30 April 1726   On Saturday last, the Sessions ended at the Old-Baily, when the 15 following malefactors received sentence of death; viz. Catharine Hayes, Thomas Wood, and Thomas Billings, for murder; the former to be drawn on an hurdle to Tyburn, and there burnt alive. Thomas Wright, Gabriel Lawrence, George Reger, William Griffin for sodomy; Mary Schuffman, Jane Vanvick, for felony; John Mapp, John Gillingham, and Henry Vigus, for robberies on the highway; John Cotterell and another man for burglary; and Joseph Treen for horse-stealing. Wood and Billings, begg’d hard that they might not be hang’d in chains; and Catharine Hayes, receiv’d her particular sentence with the utmost terror. [Weekly Journal, or The British Gazetteer]

30 April 1726   On Tuesday Catherine Hayes, being at the Chapel in Newgate with the other malefactors under sentence of death, fainted away several times. She publickly declares That not a shilling would she give to save her life; but a hat-full of guineas, if she had them, she would bestow to save her from being burnt. [Weekly Journal, or The British Gazetteer]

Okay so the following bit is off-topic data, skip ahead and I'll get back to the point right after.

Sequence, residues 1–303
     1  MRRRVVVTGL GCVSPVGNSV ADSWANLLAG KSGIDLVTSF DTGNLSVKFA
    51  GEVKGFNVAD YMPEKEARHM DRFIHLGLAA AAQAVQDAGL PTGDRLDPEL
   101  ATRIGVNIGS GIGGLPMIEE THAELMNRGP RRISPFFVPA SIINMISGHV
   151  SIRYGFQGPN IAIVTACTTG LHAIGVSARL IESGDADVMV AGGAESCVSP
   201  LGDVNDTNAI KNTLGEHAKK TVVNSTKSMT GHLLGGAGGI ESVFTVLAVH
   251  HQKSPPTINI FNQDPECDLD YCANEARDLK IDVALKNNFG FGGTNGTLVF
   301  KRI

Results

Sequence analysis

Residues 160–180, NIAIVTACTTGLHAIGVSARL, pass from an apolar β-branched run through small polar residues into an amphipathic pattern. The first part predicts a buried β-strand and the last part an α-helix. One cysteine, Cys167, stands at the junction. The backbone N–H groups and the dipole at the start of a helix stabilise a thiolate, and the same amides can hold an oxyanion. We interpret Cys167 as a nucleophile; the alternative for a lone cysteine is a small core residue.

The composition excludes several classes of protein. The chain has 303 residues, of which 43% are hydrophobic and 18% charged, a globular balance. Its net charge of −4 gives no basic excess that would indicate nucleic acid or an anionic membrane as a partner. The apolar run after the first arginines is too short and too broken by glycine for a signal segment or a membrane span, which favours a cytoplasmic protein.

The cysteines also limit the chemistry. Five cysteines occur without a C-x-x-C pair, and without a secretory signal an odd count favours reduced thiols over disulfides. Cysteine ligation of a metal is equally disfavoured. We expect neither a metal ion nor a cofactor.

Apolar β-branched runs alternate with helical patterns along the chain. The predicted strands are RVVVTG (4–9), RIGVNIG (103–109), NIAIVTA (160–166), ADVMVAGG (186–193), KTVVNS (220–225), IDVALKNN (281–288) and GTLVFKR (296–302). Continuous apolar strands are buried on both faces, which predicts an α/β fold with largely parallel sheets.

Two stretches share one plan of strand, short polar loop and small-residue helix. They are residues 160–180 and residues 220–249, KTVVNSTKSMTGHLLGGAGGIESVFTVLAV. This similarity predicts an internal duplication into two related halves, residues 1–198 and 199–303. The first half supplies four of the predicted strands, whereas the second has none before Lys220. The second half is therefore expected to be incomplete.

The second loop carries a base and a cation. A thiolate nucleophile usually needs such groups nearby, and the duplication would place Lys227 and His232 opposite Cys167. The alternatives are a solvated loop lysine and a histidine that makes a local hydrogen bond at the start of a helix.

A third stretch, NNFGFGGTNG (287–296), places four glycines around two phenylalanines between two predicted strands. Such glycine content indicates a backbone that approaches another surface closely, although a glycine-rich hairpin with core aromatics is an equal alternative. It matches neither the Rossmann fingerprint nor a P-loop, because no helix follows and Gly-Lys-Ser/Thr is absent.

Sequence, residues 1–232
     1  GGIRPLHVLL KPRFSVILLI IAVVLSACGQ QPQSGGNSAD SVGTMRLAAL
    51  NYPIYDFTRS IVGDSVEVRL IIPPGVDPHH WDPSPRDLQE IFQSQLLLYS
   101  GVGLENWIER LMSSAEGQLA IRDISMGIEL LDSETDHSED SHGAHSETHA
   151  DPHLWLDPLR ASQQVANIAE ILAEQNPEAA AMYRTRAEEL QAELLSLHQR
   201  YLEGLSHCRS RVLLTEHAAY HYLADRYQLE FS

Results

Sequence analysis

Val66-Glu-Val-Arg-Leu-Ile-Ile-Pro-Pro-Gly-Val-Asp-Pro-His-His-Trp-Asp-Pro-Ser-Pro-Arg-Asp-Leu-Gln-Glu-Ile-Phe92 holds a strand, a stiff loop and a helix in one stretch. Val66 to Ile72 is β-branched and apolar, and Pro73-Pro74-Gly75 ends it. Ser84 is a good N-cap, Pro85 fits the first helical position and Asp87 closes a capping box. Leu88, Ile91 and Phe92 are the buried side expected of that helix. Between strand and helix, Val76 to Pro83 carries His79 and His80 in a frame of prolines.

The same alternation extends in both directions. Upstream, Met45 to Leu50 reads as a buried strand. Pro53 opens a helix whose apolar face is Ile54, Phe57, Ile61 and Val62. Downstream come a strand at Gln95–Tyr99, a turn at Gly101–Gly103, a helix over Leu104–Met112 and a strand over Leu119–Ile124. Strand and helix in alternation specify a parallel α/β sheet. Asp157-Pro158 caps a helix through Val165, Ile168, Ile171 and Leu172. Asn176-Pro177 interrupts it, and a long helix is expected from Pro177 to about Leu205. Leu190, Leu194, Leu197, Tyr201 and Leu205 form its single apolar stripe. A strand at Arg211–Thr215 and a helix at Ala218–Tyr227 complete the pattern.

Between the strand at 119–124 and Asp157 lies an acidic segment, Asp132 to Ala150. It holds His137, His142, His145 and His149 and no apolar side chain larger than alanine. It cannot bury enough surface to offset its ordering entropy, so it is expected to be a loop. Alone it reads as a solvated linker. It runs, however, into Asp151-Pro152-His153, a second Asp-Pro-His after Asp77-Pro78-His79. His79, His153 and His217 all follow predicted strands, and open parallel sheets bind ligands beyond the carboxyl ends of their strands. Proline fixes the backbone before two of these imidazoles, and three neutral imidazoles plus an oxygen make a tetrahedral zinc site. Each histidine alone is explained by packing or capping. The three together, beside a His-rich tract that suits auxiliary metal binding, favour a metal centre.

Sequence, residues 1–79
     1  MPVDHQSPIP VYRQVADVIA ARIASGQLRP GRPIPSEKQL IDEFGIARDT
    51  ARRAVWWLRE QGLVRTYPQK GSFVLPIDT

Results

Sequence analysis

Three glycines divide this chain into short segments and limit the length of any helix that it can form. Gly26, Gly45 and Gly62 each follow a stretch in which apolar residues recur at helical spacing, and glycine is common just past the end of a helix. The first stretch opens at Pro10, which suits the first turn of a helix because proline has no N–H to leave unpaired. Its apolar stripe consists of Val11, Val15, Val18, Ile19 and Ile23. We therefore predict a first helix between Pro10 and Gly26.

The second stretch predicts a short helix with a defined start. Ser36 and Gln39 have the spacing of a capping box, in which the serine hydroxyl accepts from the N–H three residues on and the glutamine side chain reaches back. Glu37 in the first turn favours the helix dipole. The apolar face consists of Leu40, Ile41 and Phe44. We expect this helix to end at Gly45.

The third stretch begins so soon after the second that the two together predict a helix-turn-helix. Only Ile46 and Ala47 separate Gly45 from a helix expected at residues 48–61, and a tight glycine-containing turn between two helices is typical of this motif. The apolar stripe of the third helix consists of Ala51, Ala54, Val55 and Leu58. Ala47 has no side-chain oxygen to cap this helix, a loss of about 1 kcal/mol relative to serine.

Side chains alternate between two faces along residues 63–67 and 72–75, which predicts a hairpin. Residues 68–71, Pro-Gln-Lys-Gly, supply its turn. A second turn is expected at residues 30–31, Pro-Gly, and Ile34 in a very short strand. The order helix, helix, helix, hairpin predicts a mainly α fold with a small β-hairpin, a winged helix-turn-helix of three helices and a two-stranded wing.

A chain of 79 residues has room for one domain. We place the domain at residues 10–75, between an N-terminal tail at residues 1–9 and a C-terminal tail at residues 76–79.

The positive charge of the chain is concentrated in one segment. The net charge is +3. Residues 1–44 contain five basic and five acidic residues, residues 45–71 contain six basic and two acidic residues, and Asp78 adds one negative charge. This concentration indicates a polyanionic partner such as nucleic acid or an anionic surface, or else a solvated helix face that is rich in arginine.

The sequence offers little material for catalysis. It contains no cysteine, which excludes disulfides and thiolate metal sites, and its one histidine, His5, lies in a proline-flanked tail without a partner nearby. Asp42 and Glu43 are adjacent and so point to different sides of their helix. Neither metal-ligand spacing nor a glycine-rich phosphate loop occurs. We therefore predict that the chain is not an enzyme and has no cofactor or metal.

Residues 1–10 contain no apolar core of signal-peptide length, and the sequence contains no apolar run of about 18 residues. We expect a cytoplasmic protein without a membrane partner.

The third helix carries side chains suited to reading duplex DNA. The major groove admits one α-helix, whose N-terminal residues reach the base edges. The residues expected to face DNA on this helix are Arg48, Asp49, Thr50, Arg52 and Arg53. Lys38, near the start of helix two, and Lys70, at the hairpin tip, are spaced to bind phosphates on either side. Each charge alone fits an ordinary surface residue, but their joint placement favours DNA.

14 May 1726   Monday the following malefactors were executed at Tyburn, viz. Gabriel Lawrence, William Griffin, Thomas Wright, the three sodomites, who were conveyed together in one cart to the Tree; John Gillingham, John Map and Henry Vigous, the three highway-robbers, together in another; and John Cotterell and James Dupress, two house-breakers, together with Thomas Billings, one of the murderers of Mr. Hayes, in a third cart: Catharine Hayes being drawn thither on an hurdle. [Weekly Journal, or The British Gazetteer; Thomas Wood had died in prison before he could be executed.]

The latter [Catharine Hayes] was drawn to Tyburn on a hurdle, and there burnt alive, without the indulgence of being first strangled, as has been customary in like cases. But, to strike a proper terror in the spectators of so horrid a crime, a special Order was sent to the Sheriff to the contrary. She was fasten’d to the stake by an iron collar round her neck, and an iron chain round her body, having an halter also about her neck, (running through the stake) which the Executioner pulled when she began to shriek: In about an hour’s time she was reduced to ashes. She affirmed in Newgate, that Billings was her own son, got by Mr. Hayes’s father, when she lived with him as a servant. So that Billings murder’d his own brother, assisted in quartering him, and then lay with his own mother, while his brother’s mangled limbs were under the bed. Billings was hanged in chains near Tyburn in the road to Padington. [London Journal]

Catharine Hayes, as soon as the others were executed, was, pursuant to a Special Order, made fast to a stake, with a chain round her Waste, her feet on the ground, and an halter round her neck, the end whereof went through an hole made in the stake for that purpose:

Catherine Hayes being burned at the stake